I just can’t decide whether to be surprised about this.  After all, scientists are just like everybody else.  We have our blind spots, our irrational beliefs***, our pet peeves, our Buttons That Must Not Be Pushed.  And yet I can’t help thinking it’s not too much to ask folks to notice when they’ve strayed so far from the constructive discussion we all espouse.  Maybe that’s where I come down, actually: to understand, but not to approve.  What do you think?  Tell us in the Replies.  Just – please – don’t get too angry about it.

© Stephen Heard  May 22, 2018


*^Protip: if someone writes a 1,500 word essay on something, coming back with a one-word “rebuttal” might make you feel terribly clever – but it doesn’t make you look clever at all.

**^Except, mildly, for those who argue quite reasonably that I should be calling them “scientific names” rather than “Latin names”.  Here’s why I don’t think their case is airtight.

***^Here’s one of my own irrational beliefs.  I’ve abandoned it now, but I held it for an embarrassing number of years.

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Posts for conference season

Image: Empty session room, CC0 via MaxPixel.net

See that room in the photo above?  Soon I’ll be sitting in it, and you probably will too (most of the conferences I attend, at least, happen in the summer).  I just booked some travel, and that got me thinking conference season. Continue reading

Who’s in charge of the English language?

Image: Oxford English Dictionary, Mrpolyonymous CC BY 2.0 via flickr.com.  But no, the Oxford Dictionary is not in charge.

Who’s in charge of the English language?  Nobody, of course.  You might think that would make our writing easier; but actually, it makes it considerably harder.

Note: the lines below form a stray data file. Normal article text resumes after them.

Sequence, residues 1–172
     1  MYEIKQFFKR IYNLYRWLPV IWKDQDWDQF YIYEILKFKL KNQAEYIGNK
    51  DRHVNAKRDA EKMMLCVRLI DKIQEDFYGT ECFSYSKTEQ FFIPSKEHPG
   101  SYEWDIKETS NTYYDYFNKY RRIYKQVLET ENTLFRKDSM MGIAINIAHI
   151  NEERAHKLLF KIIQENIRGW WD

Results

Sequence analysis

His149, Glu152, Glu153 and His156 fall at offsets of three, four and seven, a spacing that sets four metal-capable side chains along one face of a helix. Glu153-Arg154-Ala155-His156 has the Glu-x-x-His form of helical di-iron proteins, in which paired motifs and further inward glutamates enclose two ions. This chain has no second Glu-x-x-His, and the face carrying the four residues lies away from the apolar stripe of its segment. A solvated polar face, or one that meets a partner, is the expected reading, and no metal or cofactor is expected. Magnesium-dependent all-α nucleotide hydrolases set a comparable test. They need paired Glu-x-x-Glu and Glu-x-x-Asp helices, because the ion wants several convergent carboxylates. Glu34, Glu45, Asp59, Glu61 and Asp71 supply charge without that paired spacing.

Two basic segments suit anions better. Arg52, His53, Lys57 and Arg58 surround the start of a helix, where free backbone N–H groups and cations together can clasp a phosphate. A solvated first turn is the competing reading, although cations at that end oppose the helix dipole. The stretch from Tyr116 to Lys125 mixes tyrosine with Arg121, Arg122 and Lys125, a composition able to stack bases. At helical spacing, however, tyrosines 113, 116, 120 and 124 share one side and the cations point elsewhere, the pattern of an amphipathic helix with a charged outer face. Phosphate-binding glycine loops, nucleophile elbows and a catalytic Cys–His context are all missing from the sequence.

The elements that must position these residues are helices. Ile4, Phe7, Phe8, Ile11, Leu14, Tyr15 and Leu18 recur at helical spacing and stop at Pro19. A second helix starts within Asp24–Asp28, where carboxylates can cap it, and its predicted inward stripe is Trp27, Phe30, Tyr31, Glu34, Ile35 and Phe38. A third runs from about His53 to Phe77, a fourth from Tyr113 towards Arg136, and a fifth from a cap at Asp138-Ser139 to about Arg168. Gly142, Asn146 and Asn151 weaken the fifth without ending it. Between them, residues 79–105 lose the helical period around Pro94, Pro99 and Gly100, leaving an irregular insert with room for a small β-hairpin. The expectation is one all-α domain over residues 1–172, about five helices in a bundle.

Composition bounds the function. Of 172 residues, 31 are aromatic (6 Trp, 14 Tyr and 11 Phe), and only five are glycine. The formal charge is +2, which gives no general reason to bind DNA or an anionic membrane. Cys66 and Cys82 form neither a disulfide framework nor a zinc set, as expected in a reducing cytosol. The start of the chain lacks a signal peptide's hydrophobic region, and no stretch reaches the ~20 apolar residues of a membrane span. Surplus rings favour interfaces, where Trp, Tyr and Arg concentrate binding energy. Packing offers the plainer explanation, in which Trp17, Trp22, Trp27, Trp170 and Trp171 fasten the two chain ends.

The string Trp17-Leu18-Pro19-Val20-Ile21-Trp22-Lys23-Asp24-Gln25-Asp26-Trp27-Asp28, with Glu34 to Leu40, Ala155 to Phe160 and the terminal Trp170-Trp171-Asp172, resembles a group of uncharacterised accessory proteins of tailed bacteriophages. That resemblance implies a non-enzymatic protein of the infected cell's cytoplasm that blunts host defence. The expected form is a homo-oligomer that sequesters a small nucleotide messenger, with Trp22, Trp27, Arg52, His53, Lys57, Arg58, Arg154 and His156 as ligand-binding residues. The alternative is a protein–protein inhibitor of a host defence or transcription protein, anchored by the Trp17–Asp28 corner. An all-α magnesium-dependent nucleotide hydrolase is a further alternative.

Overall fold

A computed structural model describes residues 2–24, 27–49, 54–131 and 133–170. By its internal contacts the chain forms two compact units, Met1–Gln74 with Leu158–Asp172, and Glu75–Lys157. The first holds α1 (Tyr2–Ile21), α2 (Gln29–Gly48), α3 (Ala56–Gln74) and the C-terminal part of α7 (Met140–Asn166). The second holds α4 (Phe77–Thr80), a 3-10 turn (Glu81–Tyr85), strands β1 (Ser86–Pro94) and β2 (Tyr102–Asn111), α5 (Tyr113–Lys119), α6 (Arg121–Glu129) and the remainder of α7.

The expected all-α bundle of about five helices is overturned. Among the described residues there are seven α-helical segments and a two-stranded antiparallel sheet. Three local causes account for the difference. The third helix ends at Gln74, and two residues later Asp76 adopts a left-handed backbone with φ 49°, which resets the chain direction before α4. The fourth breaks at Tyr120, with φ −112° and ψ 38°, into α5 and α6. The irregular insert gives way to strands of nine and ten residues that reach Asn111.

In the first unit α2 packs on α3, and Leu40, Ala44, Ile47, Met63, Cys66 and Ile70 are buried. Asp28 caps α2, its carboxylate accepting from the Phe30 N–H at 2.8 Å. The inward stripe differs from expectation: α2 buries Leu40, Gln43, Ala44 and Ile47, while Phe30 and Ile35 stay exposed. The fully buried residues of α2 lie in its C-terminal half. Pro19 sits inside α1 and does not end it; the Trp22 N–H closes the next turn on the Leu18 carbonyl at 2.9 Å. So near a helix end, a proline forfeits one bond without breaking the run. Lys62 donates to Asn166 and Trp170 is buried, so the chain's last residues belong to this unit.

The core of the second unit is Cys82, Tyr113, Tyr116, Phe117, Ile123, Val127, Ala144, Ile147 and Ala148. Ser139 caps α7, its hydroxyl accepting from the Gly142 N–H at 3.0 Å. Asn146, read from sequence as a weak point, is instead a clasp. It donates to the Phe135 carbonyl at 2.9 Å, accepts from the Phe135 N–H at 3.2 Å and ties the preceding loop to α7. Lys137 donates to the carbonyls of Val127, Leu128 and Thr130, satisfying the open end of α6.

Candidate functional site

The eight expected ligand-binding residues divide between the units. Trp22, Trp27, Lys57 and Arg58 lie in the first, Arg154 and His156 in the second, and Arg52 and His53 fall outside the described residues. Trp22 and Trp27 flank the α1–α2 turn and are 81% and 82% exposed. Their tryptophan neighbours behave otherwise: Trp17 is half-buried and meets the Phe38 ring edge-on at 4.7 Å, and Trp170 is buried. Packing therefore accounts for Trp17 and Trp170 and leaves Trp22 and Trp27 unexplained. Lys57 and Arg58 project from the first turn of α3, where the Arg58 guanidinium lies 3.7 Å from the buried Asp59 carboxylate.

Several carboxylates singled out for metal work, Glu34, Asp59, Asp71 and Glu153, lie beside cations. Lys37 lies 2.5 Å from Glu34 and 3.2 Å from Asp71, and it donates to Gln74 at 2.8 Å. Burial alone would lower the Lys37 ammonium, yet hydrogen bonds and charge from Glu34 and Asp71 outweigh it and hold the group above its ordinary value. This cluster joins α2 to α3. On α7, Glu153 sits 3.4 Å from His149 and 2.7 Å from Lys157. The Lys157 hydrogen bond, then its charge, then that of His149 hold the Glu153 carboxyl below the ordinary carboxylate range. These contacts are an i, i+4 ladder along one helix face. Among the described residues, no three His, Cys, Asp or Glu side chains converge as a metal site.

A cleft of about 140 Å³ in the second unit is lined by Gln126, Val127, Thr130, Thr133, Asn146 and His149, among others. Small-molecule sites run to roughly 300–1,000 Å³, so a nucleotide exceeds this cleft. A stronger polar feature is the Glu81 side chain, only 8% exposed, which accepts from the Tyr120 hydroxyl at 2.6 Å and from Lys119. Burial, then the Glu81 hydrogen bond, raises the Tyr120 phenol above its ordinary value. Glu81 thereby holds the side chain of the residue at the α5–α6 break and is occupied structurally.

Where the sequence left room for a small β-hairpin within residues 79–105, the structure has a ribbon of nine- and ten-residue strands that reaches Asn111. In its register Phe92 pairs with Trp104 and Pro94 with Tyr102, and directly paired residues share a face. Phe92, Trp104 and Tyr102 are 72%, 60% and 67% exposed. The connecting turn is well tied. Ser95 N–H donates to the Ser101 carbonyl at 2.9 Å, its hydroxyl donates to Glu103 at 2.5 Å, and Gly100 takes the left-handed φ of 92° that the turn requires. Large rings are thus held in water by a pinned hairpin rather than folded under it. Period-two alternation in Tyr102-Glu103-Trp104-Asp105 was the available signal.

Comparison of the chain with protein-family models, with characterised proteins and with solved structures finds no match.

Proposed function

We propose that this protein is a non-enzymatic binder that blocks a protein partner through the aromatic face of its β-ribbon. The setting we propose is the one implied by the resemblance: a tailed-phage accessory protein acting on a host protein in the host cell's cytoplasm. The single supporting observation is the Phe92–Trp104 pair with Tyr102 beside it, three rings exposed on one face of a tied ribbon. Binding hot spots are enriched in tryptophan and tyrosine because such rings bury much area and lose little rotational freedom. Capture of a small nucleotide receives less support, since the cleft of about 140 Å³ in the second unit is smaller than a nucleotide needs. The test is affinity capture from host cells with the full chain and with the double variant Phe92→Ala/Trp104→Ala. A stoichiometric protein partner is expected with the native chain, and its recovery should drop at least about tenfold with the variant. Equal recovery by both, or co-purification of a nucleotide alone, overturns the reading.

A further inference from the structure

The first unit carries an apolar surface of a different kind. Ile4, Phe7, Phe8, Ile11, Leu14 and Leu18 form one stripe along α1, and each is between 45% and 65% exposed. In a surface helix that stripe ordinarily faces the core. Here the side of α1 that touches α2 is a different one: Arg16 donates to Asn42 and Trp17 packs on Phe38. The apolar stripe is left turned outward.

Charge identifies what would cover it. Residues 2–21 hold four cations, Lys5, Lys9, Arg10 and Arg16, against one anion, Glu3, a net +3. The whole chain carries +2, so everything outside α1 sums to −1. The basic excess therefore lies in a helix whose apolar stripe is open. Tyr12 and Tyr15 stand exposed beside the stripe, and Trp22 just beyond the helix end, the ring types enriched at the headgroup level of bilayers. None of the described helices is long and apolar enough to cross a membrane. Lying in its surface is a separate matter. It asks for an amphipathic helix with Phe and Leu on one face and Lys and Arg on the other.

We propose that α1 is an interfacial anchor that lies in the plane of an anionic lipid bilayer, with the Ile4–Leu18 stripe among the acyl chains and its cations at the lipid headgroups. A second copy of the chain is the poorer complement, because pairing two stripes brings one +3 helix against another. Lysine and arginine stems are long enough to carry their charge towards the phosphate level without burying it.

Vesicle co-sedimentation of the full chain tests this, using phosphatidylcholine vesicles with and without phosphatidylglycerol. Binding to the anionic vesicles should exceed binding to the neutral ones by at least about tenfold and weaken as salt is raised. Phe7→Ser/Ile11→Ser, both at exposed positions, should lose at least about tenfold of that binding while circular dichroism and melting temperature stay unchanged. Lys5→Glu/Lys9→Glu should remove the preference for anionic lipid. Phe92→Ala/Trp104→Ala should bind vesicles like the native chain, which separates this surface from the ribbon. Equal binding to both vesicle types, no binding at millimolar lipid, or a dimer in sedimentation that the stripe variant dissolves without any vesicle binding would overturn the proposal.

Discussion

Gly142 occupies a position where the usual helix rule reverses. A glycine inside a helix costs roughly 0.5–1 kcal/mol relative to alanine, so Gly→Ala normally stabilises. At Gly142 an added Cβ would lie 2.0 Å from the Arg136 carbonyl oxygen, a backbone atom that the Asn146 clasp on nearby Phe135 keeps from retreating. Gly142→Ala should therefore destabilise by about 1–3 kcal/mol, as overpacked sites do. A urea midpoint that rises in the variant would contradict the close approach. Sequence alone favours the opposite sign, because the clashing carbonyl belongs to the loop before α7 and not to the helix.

Here’s something you see all the time: someone either asks a question about the rules of English, or insists that somebody else is breaking them.

  • “Can I start a sentence with an abbreviated genus name?”
  • “When do I use which and when do I use that?”
  • Decimate really means to kill only one in ten.”
  • “Everyone knows you can’t split an infinitive.”

If English were a set of rules, with some body in charge of enforcing them, then all questions like those first two would have simple, short, unambiguous answers, and all opinions like the latter two would be objectively either right or wrong.  But English isn’t a set of rules.  Continue reading

From ego naming to cancer screening: type I error and rare events

Image: Unicorn fresco by Domenichino (1581-1641), in the Palazzo Farnese, Rome, via wikimedia.org

Sometimes, thinking about science, I make odd connections.  Often, they seem odd when I first make them, but then I learn something important from them and wonder why I’d never made them before.  A good example cropped up the other day, when I realized that a peculiar feature of the scientific naming of organisms connects, via some simple statistics, to the difficulty of cancer screening, to reproducibility, and to the burden of proof for surprising claims.  Curious?  Here goes. Continue reading